The U.S. Energy Department's Energy Information Administration reported in its monthly petroleum supply report that onshore oil production rose more than 2 million barrels per day from February 2010 to February 2013.
The EIA said much of the recent focus on U.S. oil production gains have centered on Texas production, which doubled during the reporting period, and North Dakota, where output nearly tripled. Developments were expanding further west, however.
"Five western states in particular -- Oklahoma, New Mexico, Wyoming, Colorado and Utah -- account for 15 percent of the increase," the report said. "Production in each of these states increased between 23 percent and 64 percent over the same three years."
The EIA said oil production gains were achieved largely through the use of horizontal drilling and hydraulic fracturing of underground onshore shale deposits.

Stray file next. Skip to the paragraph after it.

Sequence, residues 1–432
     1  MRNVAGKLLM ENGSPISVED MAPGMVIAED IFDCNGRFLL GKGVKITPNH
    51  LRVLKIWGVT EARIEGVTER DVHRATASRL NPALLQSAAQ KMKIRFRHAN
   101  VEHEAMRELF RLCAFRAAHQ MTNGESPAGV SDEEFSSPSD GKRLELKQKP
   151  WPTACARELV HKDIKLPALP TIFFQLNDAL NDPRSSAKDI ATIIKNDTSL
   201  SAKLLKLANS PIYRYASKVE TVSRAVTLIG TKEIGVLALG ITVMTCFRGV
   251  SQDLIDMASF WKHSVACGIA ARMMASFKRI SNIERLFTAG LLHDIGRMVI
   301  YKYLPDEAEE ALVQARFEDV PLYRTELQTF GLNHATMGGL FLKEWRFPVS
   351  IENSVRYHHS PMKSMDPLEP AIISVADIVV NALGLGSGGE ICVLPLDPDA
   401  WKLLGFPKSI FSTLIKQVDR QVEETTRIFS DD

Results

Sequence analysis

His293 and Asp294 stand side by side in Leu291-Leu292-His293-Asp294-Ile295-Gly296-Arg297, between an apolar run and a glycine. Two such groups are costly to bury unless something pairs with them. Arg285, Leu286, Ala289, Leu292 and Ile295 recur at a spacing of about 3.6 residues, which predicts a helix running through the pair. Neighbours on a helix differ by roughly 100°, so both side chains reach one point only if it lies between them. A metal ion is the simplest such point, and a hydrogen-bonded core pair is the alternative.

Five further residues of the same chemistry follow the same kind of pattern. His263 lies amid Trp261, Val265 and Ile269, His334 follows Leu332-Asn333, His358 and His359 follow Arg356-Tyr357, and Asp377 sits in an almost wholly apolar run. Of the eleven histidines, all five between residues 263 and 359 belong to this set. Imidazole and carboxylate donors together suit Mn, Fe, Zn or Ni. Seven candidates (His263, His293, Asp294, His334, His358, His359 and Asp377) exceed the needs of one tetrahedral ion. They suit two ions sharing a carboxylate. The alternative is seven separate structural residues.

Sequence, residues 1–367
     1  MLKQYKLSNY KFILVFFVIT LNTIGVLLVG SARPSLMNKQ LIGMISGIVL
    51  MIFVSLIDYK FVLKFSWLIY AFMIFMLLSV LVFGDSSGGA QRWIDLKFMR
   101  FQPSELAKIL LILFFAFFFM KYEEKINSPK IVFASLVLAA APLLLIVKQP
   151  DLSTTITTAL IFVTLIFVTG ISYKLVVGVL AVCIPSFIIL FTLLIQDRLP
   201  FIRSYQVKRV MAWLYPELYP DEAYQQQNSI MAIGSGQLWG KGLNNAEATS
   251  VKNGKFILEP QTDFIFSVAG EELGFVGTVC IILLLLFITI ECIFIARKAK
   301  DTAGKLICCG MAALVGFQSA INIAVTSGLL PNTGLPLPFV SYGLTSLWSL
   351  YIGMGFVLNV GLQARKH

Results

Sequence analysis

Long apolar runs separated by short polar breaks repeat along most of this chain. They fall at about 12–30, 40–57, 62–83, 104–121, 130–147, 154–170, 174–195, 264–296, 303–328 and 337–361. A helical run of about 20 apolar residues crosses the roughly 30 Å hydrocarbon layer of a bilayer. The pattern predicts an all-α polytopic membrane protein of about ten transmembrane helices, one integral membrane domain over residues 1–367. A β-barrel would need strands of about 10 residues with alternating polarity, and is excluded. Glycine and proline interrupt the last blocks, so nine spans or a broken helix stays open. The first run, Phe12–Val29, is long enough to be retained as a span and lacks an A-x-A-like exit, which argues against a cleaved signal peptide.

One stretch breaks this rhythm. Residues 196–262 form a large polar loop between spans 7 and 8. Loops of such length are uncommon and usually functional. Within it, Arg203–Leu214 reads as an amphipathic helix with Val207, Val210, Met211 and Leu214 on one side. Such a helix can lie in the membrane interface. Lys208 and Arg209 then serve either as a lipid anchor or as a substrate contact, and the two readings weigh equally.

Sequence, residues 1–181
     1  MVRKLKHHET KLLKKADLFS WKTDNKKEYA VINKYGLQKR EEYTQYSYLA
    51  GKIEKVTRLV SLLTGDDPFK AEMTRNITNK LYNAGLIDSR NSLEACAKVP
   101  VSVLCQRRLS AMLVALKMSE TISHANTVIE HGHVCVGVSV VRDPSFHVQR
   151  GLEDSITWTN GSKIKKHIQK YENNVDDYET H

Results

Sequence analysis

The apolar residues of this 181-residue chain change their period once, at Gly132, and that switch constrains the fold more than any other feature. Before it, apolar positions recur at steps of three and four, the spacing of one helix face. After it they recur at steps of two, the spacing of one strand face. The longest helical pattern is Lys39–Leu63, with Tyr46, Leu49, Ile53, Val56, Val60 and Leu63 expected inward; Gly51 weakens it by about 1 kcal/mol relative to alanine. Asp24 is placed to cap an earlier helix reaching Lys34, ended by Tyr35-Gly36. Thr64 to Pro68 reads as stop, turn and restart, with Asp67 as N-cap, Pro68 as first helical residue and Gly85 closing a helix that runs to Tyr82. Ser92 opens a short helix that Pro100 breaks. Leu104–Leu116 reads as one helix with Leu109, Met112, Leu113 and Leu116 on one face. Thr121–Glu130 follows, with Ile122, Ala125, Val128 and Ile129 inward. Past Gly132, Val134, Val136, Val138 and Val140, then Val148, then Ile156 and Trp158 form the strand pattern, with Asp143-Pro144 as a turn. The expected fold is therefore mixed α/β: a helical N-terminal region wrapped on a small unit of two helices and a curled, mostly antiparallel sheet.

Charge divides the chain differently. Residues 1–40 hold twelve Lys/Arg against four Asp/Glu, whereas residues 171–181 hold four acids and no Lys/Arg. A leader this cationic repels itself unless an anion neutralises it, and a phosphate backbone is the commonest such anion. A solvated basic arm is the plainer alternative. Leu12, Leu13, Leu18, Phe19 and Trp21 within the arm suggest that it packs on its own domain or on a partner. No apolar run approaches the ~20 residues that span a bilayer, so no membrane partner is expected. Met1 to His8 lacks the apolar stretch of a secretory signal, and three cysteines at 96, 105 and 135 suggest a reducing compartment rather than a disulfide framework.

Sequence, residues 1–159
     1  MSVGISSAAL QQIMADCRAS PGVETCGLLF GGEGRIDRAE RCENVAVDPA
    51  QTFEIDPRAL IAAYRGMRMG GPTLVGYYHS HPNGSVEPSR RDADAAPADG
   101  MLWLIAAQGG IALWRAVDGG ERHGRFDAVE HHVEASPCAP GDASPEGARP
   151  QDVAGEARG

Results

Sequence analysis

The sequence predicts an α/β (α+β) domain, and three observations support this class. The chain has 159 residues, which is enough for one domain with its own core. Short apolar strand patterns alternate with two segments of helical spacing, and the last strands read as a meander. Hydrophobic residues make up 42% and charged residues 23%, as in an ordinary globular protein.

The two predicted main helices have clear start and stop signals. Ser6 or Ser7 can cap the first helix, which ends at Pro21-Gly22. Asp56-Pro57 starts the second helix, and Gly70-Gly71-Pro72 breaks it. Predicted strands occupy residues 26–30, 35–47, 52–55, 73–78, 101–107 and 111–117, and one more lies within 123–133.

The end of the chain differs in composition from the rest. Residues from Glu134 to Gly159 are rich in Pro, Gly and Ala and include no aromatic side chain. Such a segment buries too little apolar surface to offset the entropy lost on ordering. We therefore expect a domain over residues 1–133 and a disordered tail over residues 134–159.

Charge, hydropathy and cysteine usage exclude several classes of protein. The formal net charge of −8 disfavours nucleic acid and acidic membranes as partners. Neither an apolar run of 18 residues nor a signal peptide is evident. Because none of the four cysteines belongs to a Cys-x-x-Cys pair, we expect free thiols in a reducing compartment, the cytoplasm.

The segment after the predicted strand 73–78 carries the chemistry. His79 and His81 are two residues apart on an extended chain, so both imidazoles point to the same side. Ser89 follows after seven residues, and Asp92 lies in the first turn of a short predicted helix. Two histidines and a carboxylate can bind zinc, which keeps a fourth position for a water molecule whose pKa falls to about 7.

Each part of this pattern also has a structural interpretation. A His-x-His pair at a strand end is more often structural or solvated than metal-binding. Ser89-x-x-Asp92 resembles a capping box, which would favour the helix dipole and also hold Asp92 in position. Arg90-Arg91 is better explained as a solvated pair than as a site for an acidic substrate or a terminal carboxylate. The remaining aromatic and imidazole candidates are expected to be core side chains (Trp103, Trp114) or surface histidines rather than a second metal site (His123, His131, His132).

The EIA reported in its short-term energy outlook, published last month, that U.S. crude oil production is expected to "grow rapidly" through 2016. The EIA said it expects U.S. crude oil production to go from an average of 6.5 million barrels per day recorded last year to 7.9 million bpd next year.
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